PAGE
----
Target is shamelessly copying Amazon
The discount chain's latest online offerings have a distinct Amazon feel, but executives say they aren't lifting ideas from anyone.
The discount chain's latest online offerings have a distinct Amazon feel -- from recurring deliveries for diapers to on-demand streaming video and free shipping and discounts for its members. All emulate similar offers from the e-commerce company.
Target's headquarters here is also taking on some perks more typical of West Coast technology companies than a Midwestern retailer. That includes vintage arcade games, a boccie ball sand pit and a red basketball court stamped with the retailer's bull's-eye logo in the new common area. And next year, the company plans to spend more on technology than it does on building and upgrading its stores.
Target says Amazon is just one of many competitors and it isn't mimicking anyone. Still, the moves highlight an important fact of doing business at Target: the customer who visits the discounter's giant stores and the customer who orders online from Amazon are increasingly the same person.
According to consultancy Kantar Retail, 62% of Target's shoppers also visit Amazon within four weeks of their Target trip, up from 33% in 2007. Target shoppers are most likely to also shop at Wal-Mart Stores (WMT) but soon Kantar expects Amazon to take that distinction.
The deep overlap poses a significant threat to a company that despite the cultural moves and heavy investment continues to struggle with e-commerce, even as customers shift more and more of their shopping online.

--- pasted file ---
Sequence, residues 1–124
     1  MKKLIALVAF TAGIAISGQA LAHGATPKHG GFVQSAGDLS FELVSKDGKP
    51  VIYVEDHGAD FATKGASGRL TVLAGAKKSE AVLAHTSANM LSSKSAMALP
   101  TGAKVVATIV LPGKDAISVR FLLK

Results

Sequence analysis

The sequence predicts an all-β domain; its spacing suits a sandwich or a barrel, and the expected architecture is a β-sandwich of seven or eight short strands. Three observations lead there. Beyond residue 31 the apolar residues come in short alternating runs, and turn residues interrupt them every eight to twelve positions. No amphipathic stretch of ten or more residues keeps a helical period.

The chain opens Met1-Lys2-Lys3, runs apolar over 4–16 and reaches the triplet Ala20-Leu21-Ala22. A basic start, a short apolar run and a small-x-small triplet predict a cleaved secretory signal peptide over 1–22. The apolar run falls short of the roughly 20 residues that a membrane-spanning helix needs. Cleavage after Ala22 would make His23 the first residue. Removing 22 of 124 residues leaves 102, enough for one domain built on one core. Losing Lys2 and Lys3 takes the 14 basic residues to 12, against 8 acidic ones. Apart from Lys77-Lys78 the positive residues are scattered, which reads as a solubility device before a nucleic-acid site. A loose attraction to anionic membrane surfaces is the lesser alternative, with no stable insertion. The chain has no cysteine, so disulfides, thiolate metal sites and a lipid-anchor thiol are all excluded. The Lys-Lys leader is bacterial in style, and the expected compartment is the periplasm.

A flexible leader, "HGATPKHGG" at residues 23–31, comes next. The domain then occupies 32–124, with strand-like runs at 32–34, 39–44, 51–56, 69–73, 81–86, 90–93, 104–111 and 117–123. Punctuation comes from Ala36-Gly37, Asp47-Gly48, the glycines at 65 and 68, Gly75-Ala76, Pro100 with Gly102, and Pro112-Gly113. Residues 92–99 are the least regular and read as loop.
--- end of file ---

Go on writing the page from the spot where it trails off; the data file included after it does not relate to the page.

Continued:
Target's Internet sales are puny -- less than 2% of its $73 billion in total sales last year. By comparison, Amazon's North America sales rose 30% last year to $35 billion, most of it in categories of goods that Target also sells. Meanwhile, traffic to Target's stores, as evidenced by its overall transaction count, has fallen for three straight quarters.
Last month, the company dialed back its long-term goal of reaching $100 billion in sales by 2017. Executives acknowledge the company's U.S. business isn't going to grow as fast as previously thought. Part of that is the slow economic recovery, but part of it is also a failure to capture online sales.
"We have to double-down, and we are doubling, tripling and quadrupling down," Target's Chief Executive Gregg Steinhafel said in a recent interview about using digital tools like its website and apps to drive sales.
In an effort to catch up, Target this year is spending about as much of its $2.3 billion U.S. capital budget on improving its technology, developing mobile apps and modernizing its supply chain as it is on opening and remodeling stores. Next year, the company will spend more on those investments than on stores, an acknowledgment that future growth will increasingly depend on digital sales.
Target executives blame the drop in U.S. store traffic on the slow economic recovery and higher payroll taxes, saying it isn't only due to a shift online.
"It's not as if just overnight our traffic levels are down because of Amazon," Mr. Steinhafel said. "There might be some correlation."
Amazon has long been intertwined with Target. The discounter outsourced management of its website to Amazon for a decade before pulling the plug on the deal and bringing its e-commerce operations in house in 2011.